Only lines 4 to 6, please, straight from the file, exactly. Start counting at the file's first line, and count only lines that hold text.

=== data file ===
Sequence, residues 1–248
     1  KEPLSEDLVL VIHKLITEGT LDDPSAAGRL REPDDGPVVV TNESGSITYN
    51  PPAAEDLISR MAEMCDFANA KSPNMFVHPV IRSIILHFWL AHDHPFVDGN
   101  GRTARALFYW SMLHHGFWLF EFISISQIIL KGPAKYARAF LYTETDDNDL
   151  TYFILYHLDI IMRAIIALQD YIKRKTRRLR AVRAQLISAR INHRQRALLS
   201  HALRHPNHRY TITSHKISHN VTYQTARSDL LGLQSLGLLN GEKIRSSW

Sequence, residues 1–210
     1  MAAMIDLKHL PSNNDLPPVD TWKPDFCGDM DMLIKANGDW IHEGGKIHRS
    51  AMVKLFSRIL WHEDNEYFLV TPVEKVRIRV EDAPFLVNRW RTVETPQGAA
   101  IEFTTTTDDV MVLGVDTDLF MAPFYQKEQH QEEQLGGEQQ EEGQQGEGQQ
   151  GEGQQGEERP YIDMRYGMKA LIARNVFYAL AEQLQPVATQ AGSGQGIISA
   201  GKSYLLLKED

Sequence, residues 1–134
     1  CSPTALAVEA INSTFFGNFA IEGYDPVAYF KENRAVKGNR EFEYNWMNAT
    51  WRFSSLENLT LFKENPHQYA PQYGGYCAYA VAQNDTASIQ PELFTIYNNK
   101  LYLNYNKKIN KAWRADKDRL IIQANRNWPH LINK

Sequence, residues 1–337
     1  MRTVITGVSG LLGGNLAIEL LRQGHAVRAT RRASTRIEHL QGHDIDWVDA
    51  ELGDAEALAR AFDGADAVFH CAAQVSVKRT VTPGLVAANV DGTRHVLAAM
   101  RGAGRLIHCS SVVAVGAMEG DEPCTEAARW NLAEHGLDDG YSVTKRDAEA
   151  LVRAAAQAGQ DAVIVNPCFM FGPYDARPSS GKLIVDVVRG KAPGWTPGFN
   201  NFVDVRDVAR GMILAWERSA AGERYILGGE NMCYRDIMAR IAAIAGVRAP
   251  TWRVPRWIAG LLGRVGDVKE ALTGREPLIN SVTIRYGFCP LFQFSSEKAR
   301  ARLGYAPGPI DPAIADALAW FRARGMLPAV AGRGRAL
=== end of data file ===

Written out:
   101  GRTARALFYW SMLHHGFWLF EFISISQIIL KGPAKYARAF LYTETDDNDL
   151  TYFILYHLDI IMRAIIALQD YIKRKTRRLR AVRAQLISAR INHRQRALLS
   201  HALRHPNHRY TITSHKISHN VTYQTARSDL LGLQSLGLLN GEKIRSSW